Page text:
Last week we learnt about Viking runes. We made a stave and found that every letter of the viking alphabet could be made using one of these as a guide. The straight lines, angles and triangles made me think that there could be a maths lesson in there somewhere. So, we spent the week exploring angles and triangles using Viking runes as our inspiration.

### Viking Stave

We used our homemade stave as our starting point:

Using the Viking stave, one can map the shape of every Viking letter. The children used their geo board to recreate the stave:

#### Making Letters on the Stave

After this, they used a different colour elastic band to make some of the Viking letters. My guys have never used a geoboard before, so this gave them practice before starting our maths lesson:

I did as I had done before and typed up a maths quest sheet. This time the geometric maths concepts included the different types of angles found and the various triangles which exist with the angle and side rules associated with each one:

#### Finding the Angles of the Runes

We used the sheet of runes to measure some of the angles made within each letter. I taught the children the types of angles and had them write which type of angle the chosen angle was in each letter. Thomas understood immediately. The girls needed to be walked through it a few times, but eventually understood.

### Exploring Angles and Triangles in Real Life

We had a chat about where we could find angles in life and they all came up with many examples. Thomas mentioned that by using the elbow joint he could make four of the angles. This gave me an idea for consolidating the information for the girls. I had them stand up and we played Simon says with angles (i.e. ‘Simon says make an acute angle…) You wouldn’t know it by their faces but they had a ball. Maybe they were concentrating…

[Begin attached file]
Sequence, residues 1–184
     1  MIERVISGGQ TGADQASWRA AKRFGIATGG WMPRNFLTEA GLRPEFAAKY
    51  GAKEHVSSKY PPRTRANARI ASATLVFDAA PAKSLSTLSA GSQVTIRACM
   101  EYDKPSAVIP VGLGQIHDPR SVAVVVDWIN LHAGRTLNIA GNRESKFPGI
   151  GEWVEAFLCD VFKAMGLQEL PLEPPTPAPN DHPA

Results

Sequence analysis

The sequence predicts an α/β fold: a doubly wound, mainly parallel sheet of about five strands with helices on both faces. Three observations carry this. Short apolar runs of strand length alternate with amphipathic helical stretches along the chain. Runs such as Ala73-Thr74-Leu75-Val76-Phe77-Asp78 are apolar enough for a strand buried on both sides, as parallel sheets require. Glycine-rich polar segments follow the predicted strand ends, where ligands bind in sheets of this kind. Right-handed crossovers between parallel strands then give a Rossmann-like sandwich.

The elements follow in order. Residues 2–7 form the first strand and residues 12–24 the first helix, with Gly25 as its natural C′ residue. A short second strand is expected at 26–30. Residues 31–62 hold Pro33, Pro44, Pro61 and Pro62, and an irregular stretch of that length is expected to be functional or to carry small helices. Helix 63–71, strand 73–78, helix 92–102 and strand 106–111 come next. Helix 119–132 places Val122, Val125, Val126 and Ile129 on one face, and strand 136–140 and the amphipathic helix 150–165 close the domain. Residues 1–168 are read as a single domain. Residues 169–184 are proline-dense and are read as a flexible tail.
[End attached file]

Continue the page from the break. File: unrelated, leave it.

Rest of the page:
I asked how they might make a reflex angle. Try as they might they couldn’t make that joint go backwards! So I asked them to figure a way, using their bodies, to make a reflex angle. This is what they came up with:

Not bad!! We moved onto triangles.

#### Exploring Triangles

Lillie immediately knew why they were called triangles. I asked them to look at each picture and determine what the rule was. For example- what is it that makes an Isosceles triangle an Isosceles. With much prompting they soon figured that an Isosceles triangle had two sides the same length and two angles the same. After that they understood what was expected from them and flew through the others.

They had fun finding the triangles in the letters and figuring the type of triangle. One of the girls made the link between the angles already worked out previously and the name of the triangle. They took turns finding different triangles using the stave (not many!) and finally I had them use Cusiniere rods to recreate the runes, ensuring the triangles and proportions and angles were fairly accurate. They had to write one word, which I had to decipher:

This was fairly successful and they definitely enjoy it more than sheet maths. I don’t think angles are solid in their minds yet so in a couple of weeks I’ll revisit and see how much they have remembered and do another teaching session incorporating Pythagoras’ Theorem.